An ancient Christian practice came under fire on a national scale after the Las Vegas shootings. All of a sudden, it became unacceptable to say “we are sending our thoughts and prayers,” “I’m praying for you,” and other well-known religious clichés. The attacks were harsh and swift, and they took several forms:
“Why pray when you can actually do something?”
“If God cares so much, why did He allow the shooting to happen in the first place?”
“Prayer is a waste of time.”
“Prayer is the same as changing the filter on your Facebook profile photo to support a cause… it’s an empty gesture meant to satisfy an individual’s sense of duty without actually helping anyone.”
You get the point. For a long time, prayer has been misunderstood. While it rarely becomes the focus of national attention like it did this time, prayer is often used as cannon fodder for the non-religious. Here are two of the main complaints:
1) If God knows everything, why do we have to pray?
2) Prayers often go unanswered (in our opinion). What’s the use of prayer?
The answer to these objections is simple. They miss the point of prayer and thus are irrelevant. The fact God knows everything is irrelevant. The fact that our prayers aren’t always answered (noticeably) is irrelevant. If God NEVER answered a single prayer from this point forward, we would still pray. If God told us everything that was ever going to happen from this point forward, we would still pray. It’s not about knowledge or request-granting.
Why We Pray
Simply put, we pray to worship. Humanity’s oldest and greatest downfall is pride. Tell me, can you ever think you’re better than anyone when you are on your knees in sincere prayer? Can you lift yourself up in pride when you give all the glory to God with arms outstretched, like children asking for a parent to hold them? A life of prayer is a life of humility. It’s asking and thanking God for everything. Prayer is the answer to pride.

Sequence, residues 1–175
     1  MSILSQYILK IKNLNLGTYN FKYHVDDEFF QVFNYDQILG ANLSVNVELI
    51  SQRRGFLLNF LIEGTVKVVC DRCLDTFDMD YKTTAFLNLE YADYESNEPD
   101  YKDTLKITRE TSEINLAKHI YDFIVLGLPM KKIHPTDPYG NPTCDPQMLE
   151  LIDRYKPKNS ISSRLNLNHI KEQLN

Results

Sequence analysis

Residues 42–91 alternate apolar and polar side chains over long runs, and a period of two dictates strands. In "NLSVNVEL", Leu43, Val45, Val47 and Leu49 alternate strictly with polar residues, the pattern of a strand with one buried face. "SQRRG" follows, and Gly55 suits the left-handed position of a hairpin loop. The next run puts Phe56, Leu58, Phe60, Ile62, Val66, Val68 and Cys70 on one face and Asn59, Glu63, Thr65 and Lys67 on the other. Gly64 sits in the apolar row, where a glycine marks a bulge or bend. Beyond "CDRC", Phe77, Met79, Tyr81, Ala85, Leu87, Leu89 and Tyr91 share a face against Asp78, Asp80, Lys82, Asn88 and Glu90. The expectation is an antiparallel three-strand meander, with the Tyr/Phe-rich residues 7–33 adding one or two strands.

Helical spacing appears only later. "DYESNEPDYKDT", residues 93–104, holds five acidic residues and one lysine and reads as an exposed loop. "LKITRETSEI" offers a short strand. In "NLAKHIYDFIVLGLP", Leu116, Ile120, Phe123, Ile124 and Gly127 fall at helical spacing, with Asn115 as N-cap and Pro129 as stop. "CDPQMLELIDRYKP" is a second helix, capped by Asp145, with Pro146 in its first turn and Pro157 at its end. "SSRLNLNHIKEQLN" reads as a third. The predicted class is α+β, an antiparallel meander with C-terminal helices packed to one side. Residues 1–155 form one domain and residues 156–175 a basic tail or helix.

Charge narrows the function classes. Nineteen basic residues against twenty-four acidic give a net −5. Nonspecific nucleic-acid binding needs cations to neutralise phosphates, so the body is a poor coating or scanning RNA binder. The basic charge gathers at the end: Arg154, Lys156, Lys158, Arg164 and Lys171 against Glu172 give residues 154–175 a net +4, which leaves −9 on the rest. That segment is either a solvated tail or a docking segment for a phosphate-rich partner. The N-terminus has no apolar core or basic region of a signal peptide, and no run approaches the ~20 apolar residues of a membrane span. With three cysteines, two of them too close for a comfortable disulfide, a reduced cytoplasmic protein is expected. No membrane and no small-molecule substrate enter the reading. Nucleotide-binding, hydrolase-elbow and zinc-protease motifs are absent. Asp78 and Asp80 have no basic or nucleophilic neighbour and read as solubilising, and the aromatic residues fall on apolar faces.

What are the traditional positions for prayer? Saints sink to their knees, close their eyes, and position their arms in some humble way. Let’s read about worship in the Bible and see if there are any parallels:
Psalm 95:6– Come, let us worship and bow down, Let us kneel before the LORD our Maker.
Romans 14:11– For it is written, "AS I LIVE, SAYS THE LORD, EVERY KNEE SHALL BOW TO ME, AND EVERY TONGUE SHALL GIVE PRAISE TO GOD."
1 Kings 8:34– When Solomon had finished praying this entire prayer and supplication to the LORD, he arose from before the altar of the LORD, from kneeling on his knees with his hands spread toward heaven.
Ezra 9:5– But at the evening offering I arose from my humiliation, even with my garment and my robe torn, and I fell on my knees and stretched out my hands to the LORD my God.
In fact, the Lord’s Prayer goes something along the lines of “Our Father, who art in Heaven, hallowed be thy name…” (Matthew 6:9). The purpose of prayer is to establish who is on the throne of your heart. God is God, and you are not. God is all-powerful, all-knowing, and all-good; you are not. God is in Heaven and is worthy to be worshipped, and you are not.
This is why all the above objections miss the point of prayer. Yes, we are asking God for wisdom and guidance when we have none. Yes, we are asking that atrocious things never happen again. Yes, we question God’s motives and seek clarity on tough topics. However, God does not have to answer the way we want Him to on these matters.
The main point is that, from beginning to end, we are praising and thanking Him. We are thanking Him for our lives and everything He gives and takes away. We are praising Him for His goodness and mercy because we serve an unconditionally loving and faithful God, but those qualities are not affected by how much we suffer in this life. We worship God with our lives; prayer is a small part of that.
That is why we pray.